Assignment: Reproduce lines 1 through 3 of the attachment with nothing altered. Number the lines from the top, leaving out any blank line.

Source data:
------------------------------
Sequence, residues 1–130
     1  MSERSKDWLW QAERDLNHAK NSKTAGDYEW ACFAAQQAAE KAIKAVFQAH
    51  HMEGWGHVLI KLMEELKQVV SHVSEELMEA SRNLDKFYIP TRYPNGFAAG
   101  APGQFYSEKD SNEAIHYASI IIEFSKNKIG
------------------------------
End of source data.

Sequence, residues 1–130
     1  MSERSKDWLW QAERDLNHAK NSKTAGDYEW ACFAAQQAAE KAIKAVFQAH
    51  HMEGWGHVLI KLMEELKQVV SHVSEELMEA SRNLDKFYIP TRYPNGFAAG